A Conversation with Wendy Kupfer: How to Support Your Child with Hearing Loss

authorpic_wendyLast week I caught up with Wendy Kupfer, award winning author of the children’s book Let’s Hear it for Almigal. Wendy discovered her daughter Ali had hearing loss at around the age of 10 months (today Ali lives in D.C., where she is a social worker.) We spent time talking about school, hearing loss, and supporting your child.

KK: What was it like raising a child with hearing loss at the time you did in the late 70s? So much has changed now with the internet and the way we gather information.

WK: When we first found out about Ali’s hearing loss we were completely overwhelmed. We were living in Bucks County, PA at the time and like so many other parents of children with hearing loss we didn’t know anyone who had hearing loss. It didn’t run in either of our families. In fact, Ali’s hearing loss was due to the Cytomegalovirus (CMV) that I had contracted while I was pregnant. And yes, there was no quick trip to the computer to Google about support groups or information about hearing loss in children. We found names of organizations that we could right away too and AG Bell was one of them. This organization played a huge role in our lives and I am so thankful for them. In fact I recently wrote a thank you letter talking about how meaningful they were in our lives.

KK: Having been through it myself as a parent of child with hearing loss I know about the decisions and choices that need to be made (aiding, implanting, therapy) all during a time of great emotion. Can you talk a little about the support and choices that you made?

WK: Making any sort of decisions about your child is so personal and unique to each family, that there is no right or wrong answer to whatever approach you decide to follow through with. It’s really about what resources and support you can offer as a family. For us, Ali was not quite a year old when her hearing loss was diagnosed and we had a little bit more time to try an approach. The oral approach (listening and spoken language) made sense to us. Thankfully we were directed to work with the Helen Beebe Center in Easton, PA, which was about 90 minutes away from our house. Helen Beebe was very much a pioneer in the field of auditory-verbal therapy. Ali was taught to process language through her ears, with the help of her hearing aids, rather than relying on sign language or lip reading. It was very intense therapy and we are all very involved in this approach as a family. Ali truly thrived in this environment – once she started she kept going!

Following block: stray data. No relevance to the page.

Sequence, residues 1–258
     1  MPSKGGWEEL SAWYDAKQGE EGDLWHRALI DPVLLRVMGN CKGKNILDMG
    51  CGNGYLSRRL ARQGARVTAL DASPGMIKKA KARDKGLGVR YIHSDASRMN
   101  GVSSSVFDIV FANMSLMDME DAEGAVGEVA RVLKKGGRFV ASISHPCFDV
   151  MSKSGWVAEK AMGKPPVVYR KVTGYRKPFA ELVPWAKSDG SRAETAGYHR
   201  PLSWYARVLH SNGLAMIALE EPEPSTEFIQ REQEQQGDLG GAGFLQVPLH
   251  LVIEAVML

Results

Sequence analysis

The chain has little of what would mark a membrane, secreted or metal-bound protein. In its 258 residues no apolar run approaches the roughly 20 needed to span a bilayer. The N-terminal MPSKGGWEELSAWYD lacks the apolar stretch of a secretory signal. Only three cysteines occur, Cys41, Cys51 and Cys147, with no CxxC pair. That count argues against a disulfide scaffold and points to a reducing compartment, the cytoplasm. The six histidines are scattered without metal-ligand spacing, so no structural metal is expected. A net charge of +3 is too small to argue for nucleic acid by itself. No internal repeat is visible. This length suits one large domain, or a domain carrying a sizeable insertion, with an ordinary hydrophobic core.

KK: That is so good to hear. I just wanted to talk a little bit about your involvement as parents in the therapy process. I know we have spoken about the importance of parent involvement and the impact that it has on children.What is your take on this?


WK: It’s not only parent involvement that is so important, but parent attitude as well. As a parent of a child with hearing loss I did everything that everyone else did. I had high expectations of Ali; I always expected the best from you. Right from a young age I projected that attitude that Ali could achieve whatever she wanted to achieve, I don’t believe that her hearing loss should hold her back. I have always advocated for Ali from a position of believing in her, because if you don’t believe in your child and their abilities, nobody else will.

KK: Is there anything you wish you had done differently?

WK: There is one thing, and I really feel strongly about it, that children with hearing loss very much need to meet other children who have hearing loss. I was so intent on having Ali fit in with the hearing world that I really shied away from my involvement with other kids and families who were also dealing with hearing loss. To make a long story short, Ali has worked towards connecting with the deaf culture. In high school she was able to take ASL as her foreign language requirement which led to a class field trip to the Florida School for the Deaf & Blind. This really opened her eyes to deaf culture and she actually went to school at Gallaudet University, which was scary for her at first because she is so oral, but she really enjoyed her experiences there.

KK: Ali received her cochlear implant as an adult. How has that adjustment been?

WK: Yes, Ali received her CI at the age of 29. You know adults tend to adjust differently than children, but she is doing great. She brings such graciousness to everything she does and I couldn’t be more proud of her!

KK Wendy, it was great connecting with you and I look forward to future discussions! In particular we will be talking again in November in more detail about your wonderful picture book Let’s Hear it for Almigal.

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